Many startups and SMEs want to sell to big companies to win pilots that will deliver credible testimonials, publicity in order to raise funds and attract yet more customers of the same caliber. Account Based Marketing (ABM) is a proven technique based on 5 pillars that will deliver results.
The 5 principles of the ABM approach are presented below.
1. Choose a market segment, a company size and list target accounts
Selling to a big company versus a small company can be quite different. When selling to a big company, you will likely need to go through a longer and more formal process. It is also likely that you will be dealing with a large team of decision makers and a complex process. When selling to a small company, you have the opportunity to have more direct contact with the decision makers and establish a deeper relationship with them. Additionally, the process may not be as long and formal as it is with a big company. However, small companies may have limited resources and budgets, so you need to keep that in mind when setting prices and expectations.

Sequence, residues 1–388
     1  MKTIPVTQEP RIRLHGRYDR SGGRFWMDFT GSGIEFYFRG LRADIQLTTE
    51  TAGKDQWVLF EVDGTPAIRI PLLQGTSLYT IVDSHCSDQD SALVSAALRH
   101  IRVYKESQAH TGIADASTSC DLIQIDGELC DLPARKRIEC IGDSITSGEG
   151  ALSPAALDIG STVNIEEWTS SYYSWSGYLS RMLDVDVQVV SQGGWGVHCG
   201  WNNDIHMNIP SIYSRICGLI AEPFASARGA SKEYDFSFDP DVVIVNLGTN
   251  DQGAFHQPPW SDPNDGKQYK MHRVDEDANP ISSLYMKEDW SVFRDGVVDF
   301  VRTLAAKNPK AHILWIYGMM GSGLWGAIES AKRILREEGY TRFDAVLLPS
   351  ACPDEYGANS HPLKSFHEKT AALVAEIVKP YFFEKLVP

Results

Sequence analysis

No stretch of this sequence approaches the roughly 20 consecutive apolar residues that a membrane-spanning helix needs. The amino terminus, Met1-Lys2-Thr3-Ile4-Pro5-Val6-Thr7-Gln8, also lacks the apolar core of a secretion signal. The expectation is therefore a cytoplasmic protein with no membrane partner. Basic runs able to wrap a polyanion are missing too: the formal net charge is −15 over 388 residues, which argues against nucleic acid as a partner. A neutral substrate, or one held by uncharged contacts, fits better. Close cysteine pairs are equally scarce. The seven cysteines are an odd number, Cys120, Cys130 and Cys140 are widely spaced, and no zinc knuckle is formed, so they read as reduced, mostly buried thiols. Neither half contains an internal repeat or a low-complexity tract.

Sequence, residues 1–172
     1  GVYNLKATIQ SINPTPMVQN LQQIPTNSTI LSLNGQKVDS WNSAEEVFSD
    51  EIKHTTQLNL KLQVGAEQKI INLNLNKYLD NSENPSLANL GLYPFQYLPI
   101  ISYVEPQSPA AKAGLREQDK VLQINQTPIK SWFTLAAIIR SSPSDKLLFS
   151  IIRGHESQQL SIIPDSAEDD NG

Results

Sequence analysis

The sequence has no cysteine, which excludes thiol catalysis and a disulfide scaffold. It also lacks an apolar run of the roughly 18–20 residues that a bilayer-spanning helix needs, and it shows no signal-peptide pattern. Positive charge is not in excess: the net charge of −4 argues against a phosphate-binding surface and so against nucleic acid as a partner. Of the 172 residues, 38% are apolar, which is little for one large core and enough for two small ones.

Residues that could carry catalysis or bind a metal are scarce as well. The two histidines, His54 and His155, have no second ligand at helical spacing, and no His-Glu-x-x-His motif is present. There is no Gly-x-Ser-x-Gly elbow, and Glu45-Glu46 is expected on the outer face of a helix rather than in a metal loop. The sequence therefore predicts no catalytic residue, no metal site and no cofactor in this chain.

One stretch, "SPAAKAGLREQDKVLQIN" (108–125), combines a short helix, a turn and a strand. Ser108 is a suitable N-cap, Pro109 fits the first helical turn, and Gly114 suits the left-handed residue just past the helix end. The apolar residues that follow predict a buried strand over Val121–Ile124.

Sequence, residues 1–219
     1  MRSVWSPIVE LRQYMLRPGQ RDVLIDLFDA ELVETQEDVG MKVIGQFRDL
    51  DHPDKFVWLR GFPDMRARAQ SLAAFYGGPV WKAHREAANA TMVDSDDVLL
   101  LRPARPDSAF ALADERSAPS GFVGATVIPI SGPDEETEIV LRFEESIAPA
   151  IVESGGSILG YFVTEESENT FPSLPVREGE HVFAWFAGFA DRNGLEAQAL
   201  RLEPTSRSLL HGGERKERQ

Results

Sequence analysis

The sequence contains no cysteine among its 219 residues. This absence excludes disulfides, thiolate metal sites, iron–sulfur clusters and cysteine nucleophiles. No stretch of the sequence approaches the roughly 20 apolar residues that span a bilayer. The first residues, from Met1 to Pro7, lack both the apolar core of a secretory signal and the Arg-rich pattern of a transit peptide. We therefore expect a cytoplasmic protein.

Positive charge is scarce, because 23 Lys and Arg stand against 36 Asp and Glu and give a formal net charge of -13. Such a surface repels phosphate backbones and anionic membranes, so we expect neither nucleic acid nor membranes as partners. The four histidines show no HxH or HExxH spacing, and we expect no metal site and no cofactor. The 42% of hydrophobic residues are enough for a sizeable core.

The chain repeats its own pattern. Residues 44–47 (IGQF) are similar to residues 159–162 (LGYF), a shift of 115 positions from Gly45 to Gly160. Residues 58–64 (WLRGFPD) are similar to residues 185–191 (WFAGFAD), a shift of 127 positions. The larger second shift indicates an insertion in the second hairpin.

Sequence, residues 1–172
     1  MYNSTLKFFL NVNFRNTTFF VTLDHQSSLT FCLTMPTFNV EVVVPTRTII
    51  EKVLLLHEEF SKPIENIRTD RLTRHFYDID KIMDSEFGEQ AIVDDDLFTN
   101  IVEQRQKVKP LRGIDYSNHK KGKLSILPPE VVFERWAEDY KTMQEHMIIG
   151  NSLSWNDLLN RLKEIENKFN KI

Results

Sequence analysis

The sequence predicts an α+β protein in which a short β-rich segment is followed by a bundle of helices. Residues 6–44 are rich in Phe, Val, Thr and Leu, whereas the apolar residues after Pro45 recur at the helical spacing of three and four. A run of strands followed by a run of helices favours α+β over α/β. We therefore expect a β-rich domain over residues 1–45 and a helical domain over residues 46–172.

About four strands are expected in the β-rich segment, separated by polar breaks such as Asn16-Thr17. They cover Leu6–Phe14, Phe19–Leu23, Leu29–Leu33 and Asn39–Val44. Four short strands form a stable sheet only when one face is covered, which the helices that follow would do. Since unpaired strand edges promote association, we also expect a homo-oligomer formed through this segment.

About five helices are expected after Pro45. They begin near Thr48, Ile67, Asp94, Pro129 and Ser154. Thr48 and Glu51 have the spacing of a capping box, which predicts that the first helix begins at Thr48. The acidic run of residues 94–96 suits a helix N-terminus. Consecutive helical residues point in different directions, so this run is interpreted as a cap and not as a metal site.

If your SaaS sells to SMEs (also called SMBs in the USA) AND to mid-sized businesses AND corporates at the same time with the same approach, it is what AdvanceB2B call it the carpet bomb mission of the go-to-market battle ground. The buying process between small and large businesses differs so much that my first tip is to focus on one or two types of segments - for instance a group of companies of the same size - where go-to-market tactics are similar. You might choose other market segment criteria too.
SalesHacker illustrates nicely the differences in the buying process:
The Small Business Process starts with a demo sign up on your website, followed by some (partially automated) email nurturing, site revisits, adding key members and then closing.
The Enterprise Sales Process include various customer discovery meeting(s) or a video conferences, a demo, technical Q&As, commercial conversations, closure in the best case.
After choosing a specific segment, it is crucial to start the research process about the company and its decision makers.
2. Research companies and decision makers
The best way to start is to consider the company's size, industry, and geographical location. Once you have that information, you can begin to look at the company's website, annual report, and any other publicly available information.